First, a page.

Hilton Honors is one of the world’s largest and most popular hotel loyalty programs. Today, we take a look at how to maximize value and benefits from an Australian perspective.
Brands include (in rough order of luxury to budget):
- Waldorf Astoria Hotels & Resorts
- Conrad Hotels & Resorts
- Curio A Collection by Hilton
- Embassy Suites by Hilton
- Tapestry Collection by Hilton
- Canopy by Hilton
- DoubleTree by Hilton
- Homewood Suites by Hilton
- Hilton Garden Inn
- Hampton by Hilton
- Home2 Suites by Hilton
- Tru by Hilton
- Hilton Grand Vacations (timeshare)
Hilton Honors is free to join, sign up here.
Hilton is one of the best when it comes to promotions because most offers are stackable, registering for all of them means you can concurrently benefit from several promotions at the same time.
For the latest promotions, please check this page.
In early 2017 Hilton made the following changes:
- A new Points & Money system where rooms can be paid using a mix of points and cash.
- Family pooling allowing points to be pooled between up to 10 family members for free.
- Diamond members have access to a one year status extension as a one-off benefit.
- Points can be used for Amazon purchases.
- Program name changed from HHonors to Honors.
What is the qualification period (how to move to higher tier)?
Qualification is based on calendar year (i.e. 1 January – 31 December). You must fulfill the tier requirements before 31 December each year.
What is the membership period (how long do elite benefits last)?
Elite benefits last for rest of the year, next year, until 31 March of the following year. E.g. A person qualifying for Silver in June 2017 will retain Silver until 31 March 2019. Re-qualifying in 2018 will push expiry to 31 March 2020.
Do points expire?
Points expire if there’s no account activity in 12 months. Account activity includes staying at a hotel, earning points (including from credit cards), redeeming points, transferring points (from AMEX Membership Rewards, for example), and purchasing points. Point transfers from other members and Family Pooling are not considered eligible account activity.
How many points is needed for a free night?
Anywhere between 5,000 to 95,000 points depending on the hotel tier and seasonal demand.
Do Points & Money nights count towards status/earn points?
Points & Money nights will count towards status. However, only the cash portion will earn points.
Do Reward Nights and Free Night Certificates count towards status?
Yes, but do not earn points.
Member is attained immediately upon joining, and earns 10 base points per U.S dollar spent. Benefits include member-only pricing (in Australia ~A$10 cheaper), free Internet and availability-based late checkout. Second guest also stays free at hotels where this is normally charged.
Silver is attained after 4 stays or 10 nights in a year. Silver members earn 15% bonus points on top of base points. Benefits include free bottled water and 5th night free when booking with points.
Gold is attained after 20 stays, 40 nights or 75,000 base points (USD$7,000 spend) in a year. Gold members earn 25% bonus points on top of base points. Benefits include free continental breakfast and space-available room upgrade. If the upgraded room is on Executive Floor, there is also complementary lounge access.
Diamond is attained after 30 stays, 60 nights or 120,000 base points (USD$12,000 spend) in a year. Diamond members earn 50% bonus points on top of base points. Key benefits include guaranteed lounge access and 48-hour room guarantee. Other benefits include 250 – 1,000 additional bonus points per stay and free premium Internet.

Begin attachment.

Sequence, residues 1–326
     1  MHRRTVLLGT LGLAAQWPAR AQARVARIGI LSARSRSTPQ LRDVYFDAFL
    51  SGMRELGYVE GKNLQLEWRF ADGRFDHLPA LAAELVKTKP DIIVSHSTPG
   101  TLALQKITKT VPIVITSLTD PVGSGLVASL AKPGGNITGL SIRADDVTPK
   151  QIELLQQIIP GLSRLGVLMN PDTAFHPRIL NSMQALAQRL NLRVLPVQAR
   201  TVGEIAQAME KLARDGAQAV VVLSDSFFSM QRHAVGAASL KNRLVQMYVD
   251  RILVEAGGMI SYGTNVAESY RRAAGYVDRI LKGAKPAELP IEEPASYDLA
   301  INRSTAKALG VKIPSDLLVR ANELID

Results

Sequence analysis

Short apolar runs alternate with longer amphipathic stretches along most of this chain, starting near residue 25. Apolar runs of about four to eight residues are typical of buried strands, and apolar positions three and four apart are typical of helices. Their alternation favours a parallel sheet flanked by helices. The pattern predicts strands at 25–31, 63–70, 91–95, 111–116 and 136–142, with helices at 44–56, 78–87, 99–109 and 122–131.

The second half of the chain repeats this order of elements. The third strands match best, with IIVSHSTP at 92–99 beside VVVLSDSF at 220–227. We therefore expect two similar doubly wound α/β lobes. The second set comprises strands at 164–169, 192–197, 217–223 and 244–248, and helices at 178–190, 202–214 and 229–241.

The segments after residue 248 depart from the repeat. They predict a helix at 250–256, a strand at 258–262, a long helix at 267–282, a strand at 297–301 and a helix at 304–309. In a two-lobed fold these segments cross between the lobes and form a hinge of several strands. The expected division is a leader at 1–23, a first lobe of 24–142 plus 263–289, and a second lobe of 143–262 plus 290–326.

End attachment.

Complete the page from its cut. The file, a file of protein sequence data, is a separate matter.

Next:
My view on tier benefits
On the whole, Hilton Honors provide a strong set of benefits. At base level, it’s the only major program to give availability-based late check-out. Some argue this isn’t really a benefit because anyone can request a late check-out, but I disagree. Having this benefit means, at least in theory, the hotel needs to accommodate your late check-out as long as there is availability. This is very different to late check-out completely based on the hotel’s discretion.
At 4 stays/10 nights, Silver is one of the easiest elite status to qualify. Unfortunately, it also means there’s not much benefits. 15% more points and free bottled water is nice, but not something worth aiming for.
The real sweet spot is Gold – widely recognized as the best mid-tier status of any hotel program. Free continental breakfast and space-available room upgrade are arguably two of the most valuable perks for hotel stays. Although the benefit states ‘continental breakfast’, in reality most hotels interpret this as full buffet breakfast. This alone could save hundreds, especially for two travelling together. Room upgrade at the Gold level generally means one category up, which is nice because you can avoid the worst rooms in the hotel (think low-level, next to the air-con type). If luck is on your side and you get upgraded to an Executive Floor room, you also get lounge access!
The benefit at Diamond is marginal at best. The only real benefit is guaranteed lounge access. There is a 48 hour room guarantee – meaning a room will always be available when booked more than 48 hours in advance – but the price is usually much higher. As for premium Internet, I generally find no difference to standard Internet. The bonus points are worth A$10 at best.
Getting to gold fast
Fortunately, there are a few tricks to getting Gold and Diamond status immediately, without having to spend the necessary stays.
Hilton HHonors Macquarie Platinum Card
I own this credit card and I keep it for status benefits and free nights. Cardholders get complementary Hilton Honors Gold status. There’s also Free Night Certificates that can be earned, and Diamond is available after A$40,000 spend per year. There’s a A$295 annual fee, but sometimes there are annual-fee promotions (which was when I signed up).